October 21, 2012 by David K. Sutton
Demonizing Wealth? Have You Paid Attention To Who Is Prospering Lately?
I’ve written about this topic before in response to an article comment, and I’m going to write about it again in response to another comment. — There are a number of average Americans willing to step up to the plate and defend the wealthy. They believe there is a class war against the rich. They believe President Obama is against wealth. They believe Democrats and liberals are against success. But where does this belief come from? I have serious doubts that so many average Americans simultaneously came to this conclusion. No, they believe wealth is being demonized because wealthy powerful people are saying just that, and they choose to believe it. And I don’t know why.
Given the number of times Obama has mentioned getting “the rich” (note, he means people with a comparatively high income, not necessarily a high net worth) to pay their “fair share”, although “the rich” already pay the majority of taxes that support social programs, I would argue that he is most certainly demonizing the wealthy. Whether all left leaning persons agree with him, I don’t know, but I do know that very few right leaning persons would.
Maybe it’s because we all hope for greater wealth in our lives, or maybe it’s because of pre-existing ideological affiliations. But whatever the reason these average Americans lend such an abundance of support for the wealthy, they all have one thing in common: they are wrong.
President Obama isn’t against wealth. Liberals and Democrats are not against wealth. I wish these defenders of wealth could put a fraction of their energy spent defending the wealthy and channel it towards helping and defending the poor. I gotta tell you, there’s no virtue in a platform constructed to protect wealthy interests. The wealthy are doing just fine. They do not need your protection, but they most certainly have no problem if an army of average Americans do their bidding. I know my language sounds divisive, but there’s no other way to spell this out. The wealthy do not need our protection. As billionaire Warren Buffet said, “There’s class warfare, all right, but it’s my class, the rich class, that’s making war, and we’re winning.”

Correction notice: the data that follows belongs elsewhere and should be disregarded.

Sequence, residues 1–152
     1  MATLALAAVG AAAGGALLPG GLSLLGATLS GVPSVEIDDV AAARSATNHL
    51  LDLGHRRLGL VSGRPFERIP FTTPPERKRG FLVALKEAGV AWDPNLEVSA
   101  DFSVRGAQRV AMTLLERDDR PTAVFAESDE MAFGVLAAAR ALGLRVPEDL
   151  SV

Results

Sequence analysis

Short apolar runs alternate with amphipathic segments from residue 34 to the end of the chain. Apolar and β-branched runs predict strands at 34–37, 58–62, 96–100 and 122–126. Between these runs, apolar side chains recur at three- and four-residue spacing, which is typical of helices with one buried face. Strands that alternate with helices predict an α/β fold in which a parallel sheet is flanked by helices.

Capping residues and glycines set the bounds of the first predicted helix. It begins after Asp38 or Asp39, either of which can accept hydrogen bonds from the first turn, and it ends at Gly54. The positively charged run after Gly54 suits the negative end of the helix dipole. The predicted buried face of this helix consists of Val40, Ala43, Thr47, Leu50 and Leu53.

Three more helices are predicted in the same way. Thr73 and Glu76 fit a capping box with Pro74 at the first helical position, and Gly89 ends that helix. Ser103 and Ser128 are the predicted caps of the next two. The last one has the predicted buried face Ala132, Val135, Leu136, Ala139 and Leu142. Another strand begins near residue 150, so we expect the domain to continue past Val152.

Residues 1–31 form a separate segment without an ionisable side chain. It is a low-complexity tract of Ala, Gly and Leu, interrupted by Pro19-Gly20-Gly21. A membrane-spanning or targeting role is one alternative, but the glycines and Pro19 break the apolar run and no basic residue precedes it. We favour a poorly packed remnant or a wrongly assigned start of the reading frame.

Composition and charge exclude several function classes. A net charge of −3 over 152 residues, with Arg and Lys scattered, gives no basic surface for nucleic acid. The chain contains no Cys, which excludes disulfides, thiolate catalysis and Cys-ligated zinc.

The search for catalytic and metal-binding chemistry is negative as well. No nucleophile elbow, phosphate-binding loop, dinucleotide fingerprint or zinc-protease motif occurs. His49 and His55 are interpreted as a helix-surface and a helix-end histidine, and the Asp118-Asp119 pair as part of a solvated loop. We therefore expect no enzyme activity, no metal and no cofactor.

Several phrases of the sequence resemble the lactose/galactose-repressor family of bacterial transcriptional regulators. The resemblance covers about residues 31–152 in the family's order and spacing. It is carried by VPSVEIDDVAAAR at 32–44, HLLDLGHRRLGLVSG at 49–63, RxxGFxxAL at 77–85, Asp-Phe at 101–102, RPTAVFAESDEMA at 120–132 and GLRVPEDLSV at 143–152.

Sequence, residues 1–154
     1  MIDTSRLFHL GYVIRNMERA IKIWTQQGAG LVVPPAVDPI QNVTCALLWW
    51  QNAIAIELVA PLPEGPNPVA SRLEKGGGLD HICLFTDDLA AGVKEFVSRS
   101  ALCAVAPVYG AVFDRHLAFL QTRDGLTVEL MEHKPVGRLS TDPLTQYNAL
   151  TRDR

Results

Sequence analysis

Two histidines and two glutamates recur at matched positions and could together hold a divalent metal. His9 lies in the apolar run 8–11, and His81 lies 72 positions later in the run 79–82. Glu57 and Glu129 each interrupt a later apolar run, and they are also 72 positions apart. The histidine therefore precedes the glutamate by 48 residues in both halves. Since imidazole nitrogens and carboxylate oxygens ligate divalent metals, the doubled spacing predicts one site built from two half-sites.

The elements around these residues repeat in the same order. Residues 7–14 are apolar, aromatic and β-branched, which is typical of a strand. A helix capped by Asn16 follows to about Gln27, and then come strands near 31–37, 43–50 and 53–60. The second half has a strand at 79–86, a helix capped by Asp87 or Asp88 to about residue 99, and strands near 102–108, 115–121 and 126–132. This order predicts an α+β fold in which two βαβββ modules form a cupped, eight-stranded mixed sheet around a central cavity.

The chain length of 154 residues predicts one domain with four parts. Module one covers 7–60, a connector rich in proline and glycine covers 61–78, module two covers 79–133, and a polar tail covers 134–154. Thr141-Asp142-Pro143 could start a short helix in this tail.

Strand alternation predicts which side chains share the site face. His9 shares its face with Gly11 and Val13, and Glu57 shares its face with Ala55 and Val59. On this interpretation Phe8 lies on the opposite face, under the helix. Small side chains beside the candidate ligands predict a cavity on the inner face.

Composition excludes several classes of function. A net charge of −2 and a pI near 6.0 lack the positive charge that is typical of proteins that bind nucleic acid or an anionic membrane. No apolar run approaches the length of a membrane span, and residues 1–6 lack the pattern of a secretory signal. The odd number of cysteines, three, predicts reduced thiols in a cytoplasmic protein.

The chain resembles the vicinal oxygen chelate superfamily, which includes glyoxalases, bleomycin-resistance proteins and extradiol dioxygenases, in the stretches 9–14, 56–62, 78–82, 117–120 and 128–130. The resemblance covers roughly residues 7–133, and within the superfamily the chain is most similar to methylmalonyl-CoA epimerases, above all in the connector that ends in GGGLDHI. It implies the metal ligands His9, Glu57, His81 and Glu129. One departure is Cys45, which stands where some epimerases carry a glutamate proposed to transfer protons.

The impoverished, the disenfranchised and the most vulnerable people in this country are who need the attention, not the wealthy. Tax rates have never been lower. The capital gains tax is obscenely low. Rich people are getting richer every single day.
You are not preaching from a perch of strength if you are an average income American defending the wealthy and powerful. A much more noble and honorable position would be to defend the voiceless and the powerless.